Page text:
There have been 2 recent decisions from the Employment Appeal Tribunal (EAT) on the area of whistleblowing and the Public Interest Disclosure Act.
In Day v Lewisham and Greenwich NHS Trust  IRLR 415, the EAT held that where an individual makes a disclosure to an organisation that is neither their employer and nor could they be classified as a worker within the organisation, then they are not protected against detriment caused by that organisation. This is because the EAT affirmed that the Public Interest Disclosure Act only protects either employees or those that come within the ambit of the extended definition of ‘worker’ as set out under section 43K of the Act. The Courts, the EAT maintained, have no scope for extending protection beyond that.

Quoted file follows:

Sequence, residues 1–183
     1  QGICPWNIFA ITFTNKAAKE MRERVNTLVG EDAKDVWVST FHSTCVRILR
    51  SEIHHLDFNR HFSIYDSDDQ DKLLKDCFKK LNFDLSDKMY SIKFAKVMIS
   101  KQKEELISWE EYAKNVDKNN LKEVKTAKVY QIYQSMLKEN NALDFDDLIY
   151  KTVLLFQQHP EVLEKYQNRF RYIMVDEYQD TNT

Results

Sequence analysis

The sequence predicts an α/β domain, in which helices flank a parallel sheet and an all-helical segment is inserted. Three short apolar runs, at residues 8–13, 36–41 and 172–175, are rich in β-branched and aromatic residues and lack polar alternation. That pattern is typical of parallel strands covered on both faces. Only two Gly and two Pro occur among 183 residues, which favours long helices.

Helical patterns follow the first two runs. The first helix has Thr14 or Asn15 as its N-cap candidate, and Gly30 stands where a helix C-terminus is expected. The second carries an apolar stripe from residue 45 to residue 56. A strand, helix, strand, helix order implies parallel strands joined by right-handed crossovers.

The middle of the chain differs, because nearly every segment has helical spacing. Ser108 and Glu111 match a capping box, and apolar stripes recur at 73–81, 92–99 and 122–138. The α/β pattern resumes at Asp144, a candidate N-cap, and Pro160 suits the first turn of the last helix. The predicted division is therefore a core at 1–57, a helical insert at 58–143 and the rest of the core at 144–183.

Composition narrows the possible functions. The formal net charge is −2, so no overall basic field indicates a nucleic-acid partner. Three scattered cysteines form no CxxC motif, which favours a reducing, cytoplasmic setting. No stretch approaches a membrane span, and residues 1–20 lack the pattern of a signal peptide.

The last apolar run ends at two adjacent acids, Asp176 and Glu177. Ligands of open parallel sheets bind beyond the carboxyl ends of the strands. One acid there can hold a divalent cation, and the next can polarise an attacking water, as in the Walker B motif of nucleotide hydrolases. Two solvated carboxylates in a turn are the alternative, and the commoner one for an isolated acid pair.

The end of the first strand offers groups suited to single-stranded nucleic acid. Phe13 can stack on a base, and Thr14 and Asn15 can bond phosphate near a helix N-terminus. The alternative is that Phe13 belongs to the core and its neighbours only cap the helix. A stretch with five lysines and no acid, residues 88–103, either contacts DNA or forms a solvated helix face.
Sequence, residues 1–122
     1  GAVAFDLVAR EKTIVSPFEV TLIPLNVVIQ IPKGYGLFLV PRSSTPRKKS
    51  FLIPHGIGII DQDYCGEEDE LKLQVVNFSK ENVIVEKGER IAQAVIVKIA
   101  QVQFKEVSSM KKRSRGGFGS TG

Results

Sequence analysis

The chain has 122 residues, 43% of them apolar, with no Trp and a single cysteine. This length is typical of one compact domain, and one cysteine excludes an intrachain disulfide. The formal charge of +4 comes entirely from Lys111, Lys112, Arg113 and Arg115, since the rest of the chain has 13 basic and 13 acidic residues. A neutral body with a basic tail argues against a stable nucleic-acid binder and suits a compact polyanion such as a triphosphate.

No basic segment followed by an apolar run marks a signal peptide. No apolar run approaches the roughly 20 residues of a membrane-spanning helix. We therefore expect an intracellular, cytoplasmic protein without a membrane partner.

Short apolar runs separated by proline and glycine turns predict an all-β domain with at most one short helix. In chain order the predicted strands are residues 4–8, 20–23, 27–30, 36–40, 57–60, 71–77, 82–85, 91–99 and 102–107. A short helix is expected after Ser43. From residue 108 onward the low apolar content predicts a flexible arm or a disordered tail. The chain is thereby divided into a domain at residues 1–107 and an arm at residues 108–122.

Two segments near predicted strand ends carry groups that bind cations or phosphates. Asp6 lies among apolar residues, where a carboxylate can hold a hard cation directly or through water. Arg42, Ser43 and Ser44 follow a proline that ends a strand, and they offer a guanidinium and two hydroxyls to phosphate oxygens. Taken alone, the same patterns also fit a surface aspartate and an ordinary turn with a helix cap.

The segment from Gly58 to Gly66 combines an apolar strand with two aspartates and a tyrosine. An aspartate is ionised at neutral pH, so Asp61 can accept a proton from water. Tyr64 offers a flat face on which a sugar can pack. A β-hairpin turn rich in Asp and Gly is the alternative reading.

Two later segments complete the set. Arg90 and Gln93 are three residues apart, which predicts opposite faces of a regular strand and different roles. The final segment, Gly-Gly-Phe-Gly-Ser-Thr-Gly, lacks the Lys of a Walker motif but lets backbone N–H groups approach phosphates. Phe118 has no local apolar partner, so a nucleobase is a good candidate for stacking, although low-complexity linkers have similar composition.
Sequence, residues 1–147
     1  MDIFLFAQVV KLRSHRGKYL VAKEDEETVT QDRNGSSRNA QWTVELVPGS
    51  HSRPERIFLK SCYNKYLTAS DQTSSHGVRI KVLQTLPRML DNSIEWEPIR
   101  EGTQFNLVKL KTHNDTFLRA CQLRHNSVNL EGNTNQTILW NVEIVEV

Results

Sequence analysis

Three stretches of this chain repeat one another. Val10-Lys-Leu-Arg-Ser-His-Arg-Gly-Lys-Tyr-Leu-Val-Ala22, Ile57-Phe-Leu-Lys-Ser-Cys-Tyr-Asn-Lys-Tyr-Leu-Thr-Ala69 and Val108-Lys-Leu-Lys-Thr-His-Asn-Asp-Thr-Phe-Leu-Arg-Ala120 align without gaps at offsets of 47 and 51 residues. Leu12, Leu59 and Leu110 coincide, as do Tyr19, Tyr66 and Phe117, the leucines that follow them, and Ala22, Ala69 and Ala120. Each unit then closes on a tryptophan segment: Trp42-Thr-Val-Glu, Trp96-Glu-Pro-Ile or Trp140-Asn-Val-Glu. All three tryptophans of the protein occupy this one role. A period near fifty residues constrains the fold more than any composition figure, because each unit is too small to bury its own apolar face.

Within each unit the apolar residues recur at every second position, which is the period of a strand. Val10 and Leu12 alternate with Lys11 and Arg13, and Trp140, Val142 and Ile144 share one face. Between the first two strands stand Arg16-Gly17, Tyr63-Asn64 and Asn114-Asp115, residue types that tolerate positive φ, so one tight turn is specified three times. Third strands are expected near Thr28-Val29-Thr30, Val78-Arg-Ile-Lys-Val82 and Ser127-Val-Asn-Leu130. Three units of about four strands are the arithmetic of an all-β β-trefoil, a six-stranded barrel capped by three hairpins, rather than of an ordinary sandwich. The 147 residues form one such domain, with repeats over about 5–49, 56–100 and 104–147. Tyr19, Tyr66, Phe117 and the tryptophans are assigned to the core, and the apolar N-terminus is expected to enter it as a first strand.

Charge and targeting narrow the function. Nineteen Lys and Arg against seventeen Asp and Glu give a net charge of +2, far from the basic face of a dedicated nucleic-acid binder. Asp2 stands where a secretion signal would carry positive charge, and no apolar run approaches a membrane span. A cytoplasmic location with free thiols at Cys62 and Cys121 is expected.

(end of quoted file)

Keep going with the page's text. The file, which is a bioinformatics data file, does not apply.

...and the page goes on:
In another recent case, Morgan v Royal Mencap Society  IRLR 428, the EAT held that where a person complains about their working conditions, then disclosures in relation to the same could potentially be in the public interest despite the fact that the situation mainly affects the person making the disclosure. The EAT held that whether there is a public interest is a question of fact as to whether the Claimant reasonably believed that disclosure was in the public interest. Accordingly, the EAT ruled in this case that the Judge at first instance was wrong to strike out the claim without hearing the evidence to determine the issue as a question of fact.
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